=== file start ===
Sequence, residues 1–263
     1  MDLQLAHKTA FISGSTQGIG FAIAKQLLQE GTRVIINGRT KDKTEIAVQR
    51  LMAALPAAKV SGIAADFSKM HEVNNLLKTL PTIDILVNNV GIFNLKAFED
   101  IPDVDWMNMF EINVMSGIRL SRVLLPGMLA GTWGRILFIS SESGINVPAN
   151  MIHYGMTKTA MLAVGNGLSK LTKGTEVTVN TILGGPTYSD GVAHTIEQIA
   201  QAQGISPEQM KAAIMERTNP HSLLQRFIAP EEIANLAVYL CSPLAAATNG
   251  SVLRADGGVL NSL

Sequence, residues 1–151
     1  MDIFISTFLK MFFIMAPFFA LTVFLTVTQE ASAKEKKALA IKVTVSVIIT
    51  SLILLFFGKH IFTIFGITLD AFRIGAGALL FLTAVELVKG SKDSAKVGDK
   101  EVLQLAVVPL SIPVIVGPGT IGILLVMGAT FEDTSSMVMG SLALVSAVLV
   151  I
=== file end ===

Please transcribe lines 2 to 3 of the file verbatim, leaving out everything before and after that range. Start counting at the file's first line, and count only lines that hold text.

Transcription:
     1  MDLQLAHKTA FISGSTQGIG FAIAKQLLQE GTRVIINGRT KDKTEIAVQR
    51  LMAALPAAKV SGIAADFSKM HEVNNLLKTL PTIDILVNNV GIFNLKAFED